Time to get ready for spring cleaning
Appeal Staff Writer
It isn’t spring yet, but it’s coming and so is the cleaning, an American tradition if there ever was one. As a bachelor edging into senility, this writer is hardly an expert on the subject of cleaning anything, not to mention a whole house. So like many of the inept and ill-informed, he turned to that modern omnibus of information, the Internet. You could do the same thing, but as a service, here is a digest of several batches of advice for spring cleaning, all from Internet experts. And it isn’t political, so you can be fairly sure it’s accurate.
First off, Rome wasn’t erected over a weekend, and spring cleaning doesn’t have to be done in one day. Some experts suggest making a timeline (fashionable word these days) for it all. Day one, the kitchen, day two the living room, day three the bathroom and so on.
That doesn’t mean you’ll be spending a whole day on one room. Knock it off in half a day and you can spend the other half looking through seed catalogs and dreaming of a green garden. All it means is breaking the task into small pieces so it won’t loom so large and daunting.
• Wear comfortable, old jeans that have seen duty and can take a little dirt. That old college sweatshirt will do fine.
• See what cleaning supplies you have on hand. If not, lay them in – everything from oven cleaner (if you have a self-cleaning oven, give yourself points and take a break) to baking soda. Put the supplies in a bucket or a handy-carry. Add rags, paper towels, furniture polish and glass cleaner. (Ammonia, mixed with water and detergent is a homemade substitute for commercial stuff. And the myth about cleaning windows with old newspapers is just that. Instead, use a squeegee and paper towels.)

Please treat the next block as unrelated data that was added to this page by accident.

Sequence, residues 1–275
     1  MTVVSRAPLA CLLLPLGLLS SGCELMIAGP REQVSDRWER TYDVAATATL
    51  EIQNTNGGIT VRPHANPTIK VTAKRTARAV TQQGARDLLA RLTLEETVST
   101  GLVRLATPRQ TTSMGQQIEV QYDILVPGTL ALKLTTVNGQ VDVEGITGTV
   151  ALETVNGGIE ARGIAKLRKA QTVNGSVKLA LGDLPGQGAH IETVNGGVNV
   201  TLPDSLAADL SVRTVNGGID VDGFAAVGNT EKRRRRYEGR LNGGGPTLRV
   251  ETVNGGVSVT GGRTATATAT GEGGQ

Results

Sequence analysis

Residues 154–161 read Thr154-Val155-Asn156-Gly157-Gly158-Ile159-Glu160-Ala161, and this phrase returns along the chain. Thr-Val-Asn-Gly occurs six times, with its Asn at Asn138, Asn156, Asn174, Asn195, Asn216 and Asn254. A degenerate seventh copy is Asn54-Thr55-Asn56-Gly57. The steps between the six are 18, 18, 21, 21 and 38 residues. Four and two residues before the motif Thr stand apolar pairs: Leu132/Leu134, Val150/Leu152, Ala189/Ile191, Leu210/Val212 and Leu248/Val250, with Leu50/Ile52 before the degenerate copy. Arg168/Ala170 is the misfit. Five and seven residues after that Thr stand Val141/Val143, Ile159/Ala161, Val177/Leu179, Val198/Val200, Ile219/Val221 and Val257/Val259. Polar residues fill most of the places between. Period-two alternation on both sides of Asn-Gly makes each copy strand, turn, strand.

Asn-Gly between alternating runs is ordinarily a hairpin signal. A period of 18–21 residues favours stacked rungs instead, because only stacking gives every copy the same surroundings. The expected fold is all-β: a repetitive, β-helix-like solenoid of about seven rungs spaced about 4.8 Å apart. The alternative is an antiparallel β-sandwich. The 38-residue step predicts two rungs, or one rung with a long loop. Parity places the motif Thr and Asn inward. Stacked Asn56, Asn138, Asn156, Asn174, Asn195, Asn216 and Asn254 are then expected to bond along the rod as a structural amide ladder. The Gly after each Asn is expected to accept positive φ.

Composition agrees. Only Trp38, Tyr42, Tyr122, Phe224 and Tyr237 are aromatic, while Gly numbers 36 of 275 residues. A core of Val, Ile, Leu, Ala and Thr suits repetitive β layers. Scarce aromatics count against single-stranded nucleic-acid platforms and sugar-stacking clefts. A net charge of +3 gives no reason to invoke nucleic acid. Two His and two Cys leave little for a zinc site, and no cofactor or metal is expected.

Important: Take a couple of garbage bags along. Use one for garbage and one for stuff to get rid of that you find along the way. We’ve all got too many unneeded things around that perhaps others could use.
Whistle while you work is a cleaning mantra, but a soft FM music station can substitute. Dance along with the music, but don’t let it slow you down. No TV, and turn off the phone. They can call back later.
Follow your timeline. Do a room and call it a job well done. There’s always tomorrow.
And open up the house. Windows, doors – throw them open and let the fresh air in after a winter of tightly closed home (to keep heating costs down), get rid of the old smell for a fresh scent.
• Put away everything you don’t use. Less junk makes dusting easier.
• Remember that second garbage bag? Gather the superfluous items and give them to FISH., or sell them at a yard sale.
• Work around the room in one direction, either left or right. Then there won’t be any time wasted in criss-crossing the room or vacuuming that same spot twice.
• Clear things off. In the living room this means putting away books and tossing old magazines. Remove items tucked under the bed. In the kitchen, take everything off counters. In the bathroom, clear away flower holders, magazines and waste baskets. Take down the shower curtain and liner for laundering.
• Don rubber gloves. It is worth wearing them to protect your skin from the harshness of hot water and drying chemicals.
• When things are nice and clean, put some of the things back where they were. But consider each item: Do you really want it on display? If keeping items, shift positions so you get a fresh look.
• Art pictures. It’s a cliché in the decorating world that pictures hanging in the same place for a long time become invisible. Move ’em around, using the new laser levels to align them nicely.